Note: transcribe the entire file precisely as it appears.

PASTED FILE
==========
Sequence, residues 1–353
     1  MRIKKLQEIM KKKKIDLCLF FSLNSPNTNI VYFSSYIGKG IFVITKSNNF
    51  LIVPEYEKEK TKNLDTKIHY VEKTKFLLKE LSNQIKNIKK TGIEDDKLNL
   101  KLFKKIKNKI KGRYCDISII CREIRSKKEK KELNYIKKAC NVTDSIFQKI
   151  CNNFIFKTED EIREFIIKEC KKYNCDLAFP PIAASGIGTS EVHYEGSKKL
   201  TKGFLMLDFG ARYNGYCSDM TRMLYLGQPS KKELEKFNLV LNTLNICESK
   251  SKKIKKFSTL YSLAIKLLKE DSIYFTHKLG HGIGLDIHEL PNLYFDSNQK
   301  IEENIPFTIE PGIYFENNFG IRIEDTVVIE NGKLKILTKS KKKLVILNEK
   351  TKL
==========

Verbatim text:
Sequence, residues 1–353
     1  MRIKKLQEIM KKKKIDLCLF FSLNSPNTNI VYFSSYIGKG IFVITKSNNF
    51  LIVPEYEKEK TKNLDTKIHY VEKTKFLLKE LSNQIKNIKK TGIEDDKLNL
   101  KLFKKIKNKI KGRYCDISII CREIRSKKEK KELNYIKKAC NVTDSIFQKI
   151  CNNFIFKTED EIREFIIKEC KKYNCDLAFP PIAASGIGTS EVHYEGSKKL
   201  TKGFLMLDFG ARYNGYCSDM TRMLYLGQPS KKELEKFNLV LNTLNICESK
   251  SKKIKKFSTL YSLAIKLLKE DSIYFTHKLG HGIGLDIHEL PNLYFDSNQK
   301  IEENIPFTIE PGIYFENNFG IRIEDTVVIE NGKLKILTKS KKKLVILNEK
   351  TKL